Global oil consumption grew by 1.1% in 2007, or 1 million barrels per day (bpd), slightly below the 10-year average, according to the Review, while global oil production fell by 0.2%, or 130,000 bpd, the first decline since 2002.

Consumption in the oil exporting regions of the Middle East, South and Central America, and Africa accounted for two-thirds of the world’s growth. The Asia-Pacific region grew by 2.3%, even though growth in China and Japan was below average, with strong growth in a number of emerging economies. OECD consumption fell by 0.9%, or nearly 400,000 bpd.

OPEC production dropped by 350,000 bpd due to the cumulative impact of production cuts implemented in November 2006 and February 2007. Increased output in Angola and Iraq, and growing supply of condensates/NGLs, partially offset larger cuts in other OPEC countries.

Oil production growth outside OPEC remained weak, rising by just over 200,000 bpd in 2007; OECD output fell for a fifth consecutive year. FSU (Former Soviet Union) output rose by nearly 500,000 bpd, with Azerbaijan and Russia each growing by more than 200,000 bpd.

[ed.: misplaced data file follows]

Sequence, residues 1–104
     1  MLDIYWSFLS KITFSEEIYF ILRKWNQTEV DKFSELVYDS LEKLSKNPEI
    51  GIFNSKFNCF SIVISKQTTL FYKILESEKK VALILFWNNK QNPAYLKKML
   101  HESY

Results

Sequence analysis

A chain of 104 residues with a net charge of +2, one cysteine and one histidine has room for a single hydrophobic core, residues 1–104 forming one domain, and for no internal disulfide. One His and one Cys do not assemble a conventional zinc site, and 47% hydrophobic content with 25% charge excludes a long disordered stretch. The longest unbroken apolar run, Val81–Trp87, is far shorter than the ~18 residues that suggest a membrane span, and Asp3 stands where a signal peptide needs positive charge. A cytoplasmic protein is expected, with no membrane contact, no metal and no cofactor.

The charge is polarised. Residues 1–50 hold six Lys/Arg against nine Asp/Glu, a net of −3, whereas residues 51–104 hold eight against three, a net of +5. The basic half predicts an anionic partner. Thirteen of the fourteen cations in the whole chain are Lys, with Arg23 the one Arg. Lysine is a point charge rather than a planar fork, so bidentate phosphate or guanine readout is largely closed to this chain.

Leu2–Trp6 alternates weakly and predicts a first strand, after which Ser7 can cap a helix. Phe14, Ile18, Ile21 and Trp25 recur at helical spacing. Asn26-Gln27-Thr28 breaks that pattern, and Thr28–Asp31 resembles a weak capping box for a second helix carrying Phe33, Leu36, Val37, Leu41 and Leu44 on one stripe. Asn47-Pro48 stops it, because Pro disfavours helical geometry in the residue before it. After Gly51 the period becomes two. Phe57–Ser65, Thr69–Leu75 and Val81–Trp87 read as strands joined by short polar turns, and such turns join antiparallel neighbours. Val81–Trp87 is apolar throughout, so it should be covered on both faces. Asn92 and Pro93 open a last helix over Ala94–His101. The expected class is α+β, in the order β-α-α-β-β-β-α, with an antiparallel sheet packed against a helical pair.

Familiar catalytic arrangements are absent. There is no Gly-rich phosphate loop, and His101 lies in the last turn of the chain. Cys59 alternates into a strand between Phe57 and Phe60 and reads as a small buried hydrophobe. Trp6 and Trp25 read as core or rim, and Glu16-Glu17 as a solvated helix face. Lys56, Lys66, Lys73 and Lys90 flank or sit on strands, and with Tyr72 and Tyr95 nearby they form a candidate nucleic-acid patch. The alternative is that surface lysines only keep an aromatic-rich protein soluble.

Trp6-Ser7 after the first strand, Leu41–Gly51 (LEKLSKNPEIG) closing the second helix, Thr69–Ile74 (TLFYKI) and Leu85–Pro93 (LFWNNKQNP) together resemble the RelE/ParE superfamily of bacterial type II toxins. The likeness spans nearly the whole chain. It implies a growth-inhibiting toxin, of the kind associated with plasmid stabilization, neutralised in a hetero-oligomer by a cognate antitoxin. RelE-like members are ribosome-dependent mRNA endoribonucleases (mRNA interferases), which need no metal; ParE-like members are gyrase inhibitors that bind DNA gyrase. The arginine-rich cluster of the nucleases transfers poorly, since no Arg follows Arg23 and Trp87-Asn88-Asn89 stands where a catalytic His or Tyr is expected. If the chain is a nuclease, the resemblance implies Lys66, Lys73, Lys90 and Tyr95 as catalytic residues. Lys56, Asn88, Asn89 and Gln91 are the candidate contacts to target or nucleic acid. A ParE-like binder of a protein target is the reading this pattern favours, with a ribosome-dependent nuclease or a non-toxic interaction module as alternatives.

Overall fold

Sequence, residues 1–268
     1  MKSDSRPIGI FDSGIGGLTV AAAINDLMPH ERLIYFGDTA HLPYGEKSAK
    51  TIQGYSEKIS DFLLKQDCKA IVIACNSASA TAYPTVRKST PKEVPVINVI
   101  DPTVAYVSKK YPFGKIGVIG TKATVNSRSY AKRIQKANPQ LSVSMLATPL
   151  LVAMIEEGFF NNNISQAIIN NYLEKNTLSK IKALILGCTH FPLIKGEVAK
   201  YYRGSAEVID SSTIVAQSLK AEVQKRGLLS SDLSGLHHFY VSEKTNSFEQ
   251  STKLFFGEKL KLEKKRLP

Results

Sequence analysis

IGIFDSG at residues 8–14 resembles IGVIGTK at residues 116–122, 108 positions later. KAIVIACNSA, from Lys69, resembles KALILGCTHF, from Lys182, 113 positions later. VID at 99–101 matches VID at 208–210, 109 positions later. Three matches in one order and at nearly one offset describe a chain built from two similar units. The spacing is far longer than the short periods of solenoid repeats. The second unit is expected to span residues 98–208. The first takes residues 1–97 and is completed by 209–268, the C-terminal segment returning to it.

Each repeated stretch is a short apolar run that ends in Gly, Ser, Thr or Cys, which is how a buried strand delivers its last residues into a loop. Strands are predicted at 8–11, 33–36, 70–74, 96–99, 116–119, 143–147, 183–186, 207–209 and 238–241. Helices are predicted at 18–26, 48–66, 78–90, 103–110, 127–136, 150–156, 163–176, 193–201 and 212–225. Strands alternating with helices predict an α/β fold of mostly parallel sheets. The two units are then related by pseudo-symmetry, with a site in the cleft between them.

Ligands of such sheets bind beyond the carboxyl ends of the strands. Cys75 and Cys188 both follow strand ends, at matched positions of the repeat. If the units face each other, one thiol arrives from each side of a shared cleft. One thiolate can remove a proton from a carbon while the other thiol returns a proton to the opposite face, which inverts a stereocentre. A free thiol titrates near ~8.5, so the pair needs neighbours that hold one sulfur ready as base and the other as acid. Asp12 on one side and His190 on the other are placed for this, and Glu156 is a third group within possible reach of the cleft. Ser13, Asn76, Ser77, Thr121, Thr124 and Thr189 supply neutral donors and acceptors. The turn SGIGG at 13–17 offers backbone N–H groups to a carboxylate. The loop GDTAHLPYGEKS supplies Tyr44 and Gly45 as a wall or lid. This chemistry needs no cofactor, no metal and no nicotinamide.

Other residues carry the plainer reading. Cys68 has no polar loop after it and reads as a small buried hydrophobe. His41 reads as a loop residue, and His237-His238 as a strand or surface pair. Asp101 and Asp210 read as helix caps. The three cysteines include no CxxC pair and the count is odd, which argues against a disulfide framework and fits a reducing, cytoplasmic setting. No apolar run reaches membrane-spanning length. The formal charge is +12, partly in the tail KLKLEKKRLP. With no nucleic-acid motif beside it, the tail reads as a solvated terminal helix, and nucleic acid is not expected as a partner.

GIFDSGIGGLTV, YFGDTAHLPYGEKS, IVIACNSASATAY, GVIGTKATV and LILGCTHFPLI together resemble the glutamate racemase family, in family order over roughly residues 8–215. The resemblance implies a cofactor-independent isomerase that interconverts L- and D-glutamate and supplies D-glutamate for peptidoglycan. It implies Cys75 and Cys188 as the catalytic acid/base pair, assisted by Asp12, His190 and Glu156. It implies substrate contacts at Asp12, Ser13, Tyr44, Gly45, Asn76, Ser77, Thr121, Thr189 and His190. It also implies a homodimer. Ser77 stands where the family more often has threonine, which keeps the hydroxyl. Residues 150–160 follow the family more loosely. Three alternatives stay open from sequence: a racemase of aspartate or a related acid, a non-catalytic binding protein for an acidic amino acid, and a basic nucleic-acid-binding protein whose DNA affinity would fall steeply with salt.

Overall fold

Proved oil reserves were essentially flat in 2007—at 1.24 trillion barrels—and are sufficient to meet current production for more than 41 years, according to BP. However, the 2006 world total was revised up by 31 billion barrels upon receipt of more complete information.

World natural gas consumption grew by an above-average 3.1% in 2007, although only North America, Asia-Pacific, and Africa recorded above average regional growth. The USA accounted for nearly half of the world’s gas consumption growth, driven by cold winter weather and strong demand for gas in power generation. Chinese consumption grew by 19.9% and accounted for the second-largest increment to global gas consumption. EU consumption declined by 1.6%—the second consecutive decline-in face of warm winter weather.